Thursday, January 31, 2008

PowerShell, WMI and SQL Server

I was recently asked "how can we determine the specific SKU of an installed SQL Server - without being able to execute T-SQL?". My answer:

The following one-liner lists various advanced properties of a SQL installation:

Get-WmiObject sqlserviceadvancedproperty -namespace "root\Microsoft\SqlServer\ComputerManagement" -computername | Select-Object -Property PropertyName, PropertyNumValue, PropertyStrValue

Friday, January 25, 2008

Google Chart API & PowerShell

Have you heard of Google's "Chart API"?
Well, the Google Chart API lets you dynamically generate charts. Using only a browser. But why use a browser when you can use PowerShell instead? :-)
Click here to learn more about Google Chart API.

I had been playing around with Google Chart API for some time, when I decided to create a small PowerShell script to obtain a pie chart - sort of a poor mans replacement for Microsoft Excel or PowerGadgets:

Lets start by writing a small function to download and display an image. This will be a very basic function, so the only input in the function will be an URL.

function DownloadAndShowImage ($url) {
    $localfilename = ".\chart.png"
    $webClient = new-object System.Net.WebClient
    $webClient.Headers.Add("user-agent", "PowerShell Badass Script v666")
    $Webclient.DownloadFile($url, $localfilename)
    Invoke-Item $localfilename

Next, we need a function to create a valid Google Chart API url. Input parameters will be two arrays (data values and text), the desired size of the chart and an option to create a 3D pie chart insted of a plain 2D one:

function simpleEncoding ($valueArray, $labelArray, $size, [switch] $chart3D) {
    $simpleEncoding = 'ABCDEFGHIJKLMNOPQRSTUVWXYZabcdefghijklmnopqrstuvwxyz0123456789'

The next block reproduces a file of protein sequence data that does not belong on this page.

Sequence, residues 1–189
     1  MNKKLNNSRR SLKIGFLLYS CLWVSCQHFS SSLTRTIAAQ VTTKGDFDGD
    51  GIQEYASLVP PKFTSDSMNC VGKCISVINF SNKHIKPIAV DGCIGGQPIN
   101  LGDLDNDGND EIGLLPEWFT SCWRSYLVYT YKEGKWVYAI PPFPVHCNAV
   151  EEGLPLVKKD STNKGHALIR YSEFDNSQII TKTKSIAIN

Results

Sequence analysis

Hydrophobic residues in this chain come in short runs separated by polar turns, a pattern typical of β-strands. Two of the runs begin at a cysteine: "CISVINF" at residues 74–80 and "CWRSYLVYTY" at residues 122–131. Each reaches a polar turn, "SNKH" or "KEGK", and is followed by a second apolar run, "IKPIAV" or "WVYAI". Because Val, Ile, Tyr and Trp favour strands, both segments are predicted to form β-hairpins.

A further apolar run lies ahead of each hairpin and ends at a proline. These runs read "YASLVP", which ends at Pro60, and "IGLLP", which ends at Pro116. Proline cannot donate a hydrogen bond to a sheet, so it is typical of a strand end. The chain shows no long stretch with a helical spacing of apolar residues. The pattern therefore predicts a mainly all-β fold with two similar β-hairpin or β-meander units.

if ($chart3D) {$chartType = "p3"} else {$chartType ="p"}
    $total = 0
    foreach ($value in $valueArray) {
        $total = $total + $value
    for ($i = 0;$i -lt $valueArray.length;$i++) {
        $relativeValue = ($valueArray[$i] / $total)*62
        $relativeValue = [math]::round($relativeValue)
        $encodingValue = $simpleEncoding[$relativeValue]
        $chartData = $chartData + "" + $encodingValue
    $chartLabel = [string]::join("|",$labelArray)
    Write-Output "$chartType&chd=s:$chartdata&chs=$size&chl=$chartLabel"

That's it! We are now ready to create a small Chart. Let's try it out:

$values = 100,11,40,9
$text = "Hans","Jane","Rose","Simon"
$url = simpleEncoding $values $text "320x150" -Chart3D
DownloadAndShowImage $url

The above should result in your local .png viewer showing something like this:

How about something a little more advanced?
Lets try it - but first we need a small support function:

function GetProcessArray() {
    $ListOfProcs = Get-Process | Sort-Object CPU -desc | Select-Object CPU, ProcessName -First 15
    for ($i = 0;$i -lt $ListOfProcs.length ;$i++) {
        $ProcName = $ProcName + "," + $ListOfProcs[$i].ProcessName
        $ProcUsage = $ProcUsage + "," + $ListOfProcs[$i].CPU
    Write-Output (($ProcName.trimStart(",")).split(","), ($ProcUsage.trimStart(",")).split(","))

Now we are ready to create a more detailed graph, this time of the top 15 processes counted by CPU seconds consumed.

$data = GetProcessArray
$url = simpleEncoding $data[1] $data[0] "700x350"
DownloadAndShowImage $url

The result should look like this:

Thursday, January 24, 2008

DBCC check through ADO.NET/PS

Here is a small script I use to run DBCC against various databases in my environment:

$ScriptName = $myInvocation.MyCommand.Name
$ConnString = "Server=Servername\Instance;Integrated Security=SSPI;Database=DatabaseName;Application Name=$ScriptName"
$MasterConn = new-object ('System.Data.SqlClient.SqlConnection') $ConnString
$MasterCmd = new-object System.Data.SqlClient.SqlCommand
$MasterCmd.Connection = $MasterConn
$MasterCmd.CommandText = $SqlDBCC
$Rset = $MasterCmd.ExecuteReader()
If ($Rset.HasRows -eq $true) {
    While ($Rset.Read()) {
        $line = $Rset["MessageText"]
        If ($Rset["Level"] -gt 10) {
            Write-Host $line -backgroundcolor Yellow -foregroundcolor Red
        } else {
            Write-Host $line